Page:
How to Start the Conversation About Aged Care

It’s a common position most of us, at some stage, find ourselves in. Our parents have worked hard and made many sacrifices over time in our best interests. It’s now their twilight years, and they deserve to make the most of it. Slowly but surely, you’ve noticed they’re not as sprightly as they used to be. Or, perhaps your loved ones are just fine. They’re active and enjoying life to the full. Remember, circumstances can change quickly. Before rash decisions may need to be made in a hurry, it’s never too early to start the conversation about aged care.

Before approaching your loved one, it’s important to educate yourself. Research their local area and develop an understanding about the in home care options available. Being well-informed, you’ll be able to pass on reliable information, helping your older loved ones make an informed decision about aged care.

There’s no doubt this conversation is a hard one many of us wish to avoid. Overcoming resistance to care can be challenging, so it’s important to start out on the right foot. Here are a few valuable tips that may help you start the conversation with your loved ones about aged care;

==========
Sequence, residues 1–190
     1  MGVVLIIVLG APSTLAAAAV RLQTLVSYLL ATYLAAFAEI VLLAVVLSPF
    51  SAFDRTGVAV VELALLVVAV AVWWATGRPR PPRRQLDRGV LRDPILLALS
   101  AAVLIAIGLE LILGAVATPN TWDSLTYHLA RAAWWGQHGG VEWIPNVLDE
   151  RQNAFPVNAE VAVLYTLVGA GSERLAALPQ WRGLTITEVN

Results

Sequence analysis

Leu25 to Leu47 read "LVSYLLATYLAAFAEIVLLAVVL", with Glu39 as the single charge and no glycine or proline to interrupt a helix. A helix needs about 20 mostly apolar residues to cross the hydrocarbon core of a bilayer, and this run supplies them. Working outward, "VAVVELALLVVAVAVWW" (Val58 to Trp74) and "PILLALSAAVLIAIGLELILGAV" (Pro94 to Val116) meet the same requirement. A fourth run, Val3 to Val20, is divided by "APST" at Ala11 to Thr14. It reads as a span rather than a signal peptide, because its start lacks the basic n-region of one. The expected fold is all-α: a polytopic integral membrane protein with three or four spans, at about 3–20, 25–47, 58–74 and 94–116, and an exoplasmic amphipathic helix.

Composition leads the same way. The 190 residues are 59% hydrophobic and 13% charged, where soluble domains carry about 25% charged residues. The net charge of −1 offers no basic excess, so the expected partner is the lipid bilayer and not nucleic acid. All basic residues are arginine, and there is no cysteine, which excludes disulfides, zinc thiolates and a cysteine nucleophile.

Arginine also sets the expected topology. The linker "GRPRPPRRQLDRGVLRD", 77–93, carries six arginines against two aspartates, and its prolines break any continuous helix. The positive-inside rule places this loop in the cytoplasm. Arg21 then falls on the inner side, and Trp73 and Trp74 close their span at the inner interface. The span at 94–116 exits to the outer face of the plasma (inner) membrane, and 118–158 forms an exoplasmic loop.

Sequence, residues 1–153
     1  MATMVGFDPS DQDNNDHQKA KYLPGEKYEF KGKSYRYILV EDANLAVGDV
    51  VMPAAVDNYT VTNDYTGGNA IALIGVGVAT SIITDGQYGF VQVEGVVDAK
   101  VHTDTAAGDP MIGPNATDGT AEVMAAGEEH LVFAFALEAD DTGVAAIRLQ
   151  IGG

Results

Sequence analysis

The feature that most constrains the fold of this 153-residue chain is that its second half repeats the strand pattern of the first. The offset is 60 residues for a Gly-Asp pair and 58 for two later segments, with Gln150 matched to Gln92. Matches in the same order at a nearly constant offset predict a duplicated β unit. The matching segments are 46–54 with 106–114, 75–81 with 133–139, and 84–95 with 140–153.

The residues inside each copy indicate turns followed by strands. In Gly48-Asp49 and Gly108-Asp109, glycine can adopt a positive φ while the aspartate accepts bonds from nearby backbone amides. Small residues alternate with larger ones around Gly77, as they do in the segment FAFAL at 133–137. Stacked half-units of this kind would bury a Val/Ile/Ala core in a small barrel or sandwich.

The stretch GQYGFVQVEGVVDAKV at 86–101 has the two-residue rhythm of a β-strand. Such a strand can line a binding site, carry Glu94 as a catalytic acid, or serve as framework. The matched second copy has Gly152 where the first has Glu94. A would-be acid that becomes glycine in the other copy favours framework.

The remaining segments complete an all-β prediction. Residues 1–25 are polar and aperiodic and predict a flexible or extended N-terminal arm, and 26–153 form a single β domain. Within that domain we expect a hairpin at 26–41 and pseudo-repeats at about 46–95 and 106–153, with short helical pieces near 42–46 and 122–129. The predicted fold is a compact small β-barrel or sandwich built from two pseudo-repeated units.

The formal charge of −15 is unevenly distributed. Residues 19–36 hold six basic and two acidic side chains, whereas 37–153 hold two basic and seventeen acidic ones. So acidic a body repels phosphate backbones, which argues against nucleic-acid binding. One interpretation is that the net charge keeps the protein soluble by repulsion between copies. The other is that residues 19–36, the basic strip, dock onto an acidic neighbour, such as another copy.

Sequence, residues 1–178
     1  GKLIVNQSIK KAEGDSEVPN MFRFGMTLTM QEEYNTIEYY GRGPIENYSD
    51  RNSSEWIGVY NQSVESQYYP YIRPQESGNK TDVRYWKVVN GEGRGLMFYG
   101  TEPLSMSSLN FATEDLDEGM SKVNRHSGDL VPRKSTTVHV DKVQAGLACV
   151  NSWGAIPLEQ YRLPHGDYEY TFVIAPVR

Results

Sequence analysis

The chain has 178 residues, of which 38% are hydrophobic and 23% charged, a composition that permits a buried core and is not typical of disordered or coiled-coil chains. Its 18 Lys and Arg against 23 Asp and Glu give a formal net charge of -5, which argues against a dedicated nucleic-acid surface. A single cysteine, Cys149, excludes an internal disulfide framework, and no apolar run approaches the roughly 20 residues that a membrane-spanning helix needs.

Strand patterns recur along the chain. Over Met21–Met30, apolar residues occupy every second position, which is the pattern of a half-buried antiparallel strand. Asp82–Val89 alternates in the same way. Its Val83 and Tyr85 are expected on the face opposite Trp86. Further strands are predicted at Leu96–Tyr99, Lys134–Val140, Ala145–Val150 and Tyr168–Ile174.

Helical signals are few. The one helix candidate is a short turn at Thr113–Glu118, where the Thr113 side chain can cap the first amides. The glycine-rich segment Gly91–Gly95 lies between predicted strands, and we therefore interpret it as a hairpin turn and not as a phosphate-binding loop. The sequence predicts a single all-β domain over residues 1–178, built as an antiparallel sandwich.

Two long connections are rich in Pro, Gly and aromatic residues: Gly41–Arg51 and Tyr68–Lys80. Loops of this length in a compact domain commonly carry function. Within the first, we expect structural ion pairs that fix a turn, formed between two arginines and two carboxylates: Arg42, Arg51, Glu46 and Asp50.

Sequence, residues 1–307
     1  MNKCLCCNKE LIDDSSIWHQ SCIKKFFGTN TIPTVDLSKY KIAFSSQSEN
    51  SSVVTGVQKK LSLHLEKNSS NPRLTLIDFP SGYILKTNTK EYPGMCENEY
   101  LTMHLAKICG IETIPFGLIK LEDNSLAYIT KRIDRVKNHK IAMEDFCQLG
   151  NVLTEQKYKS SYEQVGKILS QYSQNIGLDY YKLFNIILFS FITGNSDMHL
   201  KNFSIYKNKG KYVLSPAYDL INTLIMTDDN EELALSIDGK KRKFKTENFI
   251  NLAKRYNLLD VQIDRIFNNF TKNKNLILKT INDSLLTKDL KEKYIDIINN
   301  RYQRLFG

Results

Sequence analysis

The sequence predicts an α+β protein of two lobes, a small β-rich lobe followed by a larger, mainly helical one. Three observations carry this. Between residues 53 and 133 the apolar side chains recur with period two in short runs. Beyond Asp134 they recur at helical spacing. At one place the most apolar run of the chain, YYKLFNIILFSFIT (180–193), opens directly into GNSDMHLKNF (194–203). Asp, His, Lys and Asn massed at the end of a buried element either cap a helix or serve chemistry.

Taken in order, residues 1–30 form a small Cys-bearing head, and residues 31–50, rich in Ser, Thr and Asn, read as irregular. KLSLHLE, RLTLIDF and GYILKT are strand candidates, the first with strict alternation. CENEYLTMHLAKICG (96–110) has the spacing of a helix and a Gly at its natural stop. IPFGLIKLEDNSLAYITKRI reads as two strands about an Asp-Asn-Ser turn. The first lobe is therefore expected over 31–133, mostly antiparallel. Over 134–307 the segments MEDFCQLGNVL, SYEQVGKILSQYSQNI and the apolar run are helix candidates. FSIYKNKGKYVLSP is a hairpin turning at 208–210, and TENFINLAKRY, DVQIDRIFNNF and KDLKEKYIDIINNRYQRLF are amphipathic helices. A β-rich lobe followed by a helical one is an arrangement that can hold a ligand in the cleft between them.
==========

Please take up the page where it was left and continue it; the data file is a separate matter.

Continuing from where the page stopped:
• Choose a private setting where your loved ones feel comfortable, preferable on their turf.
  • Ensure there are no time constraints, so everyone has plenty of time for a lengthy chat.
  • Start the conversation when everyone is in a good mood, and your loved ones are willing to talk.
  • Ask questions to gain an understanding of their thoughts and feelings about aged care.
  • Listen to them. I mean really listen. Absorb what they’re saying, and do not interrupt.
  • Look at it from their perspective. Put yourself in their shoes and acknowledge the position they’re coming from.
  • Respect their thoughts and ideas.
  • Acknowledge their concerns, let them know you understand.
  • Remain in back and forth discussion rather than talking at them. This way they can discover their own ideas and preferences.
  • Be open and prepared to compromise.
  • Offer suggestions instead of making decisions.
  • If they don’t already know, talk to them about the many benefits of in home care.
  • Reassure them it’s a safe space, and they’re in control.

If your loved ones begin to display feelings of stress or anxiety, it may be worth engaging a professional. They may feel more comfortable talking with a doctor, health professional, care manager or someone with experience. Some advice from a professional may be all the encouragement they need to be open to receiving care. If they’re still unsure, try implementing a small change, such as introducing a cleaner, then slowly advance from there.

In home care services for older people can be funded by home care packages. To find out more about in home care visit Simply Helping.

Simply Helping